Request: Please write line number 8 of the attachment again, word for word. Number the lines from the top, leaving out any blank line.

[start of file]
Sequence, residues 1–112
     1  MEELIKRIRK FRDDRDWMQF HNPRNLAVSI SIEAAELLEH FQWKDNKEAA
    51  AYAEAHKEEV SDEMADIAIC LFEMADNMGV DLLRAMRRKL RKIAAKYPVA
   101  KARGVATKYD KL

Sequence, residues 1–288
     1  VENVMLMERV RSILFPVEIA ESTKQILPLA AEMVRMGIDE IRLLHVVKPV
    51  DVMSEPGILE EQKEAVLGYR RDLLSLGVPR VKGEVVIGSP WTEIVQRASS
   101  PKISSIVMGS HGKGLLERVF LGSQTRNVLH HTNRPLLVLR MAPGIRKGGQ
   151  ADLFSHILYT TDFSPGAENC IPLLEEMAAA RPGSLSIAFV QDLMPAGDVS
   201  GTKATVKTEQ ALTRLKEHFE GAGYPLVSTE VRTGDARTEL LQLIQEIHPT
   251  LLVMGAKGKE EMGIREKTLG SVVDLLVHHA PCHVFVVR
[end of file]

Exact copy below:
   101  PKISSIVMGS HGKGLLERVF LGSQTRNVLH HTNRPLLVLR MAPGIRKGGQ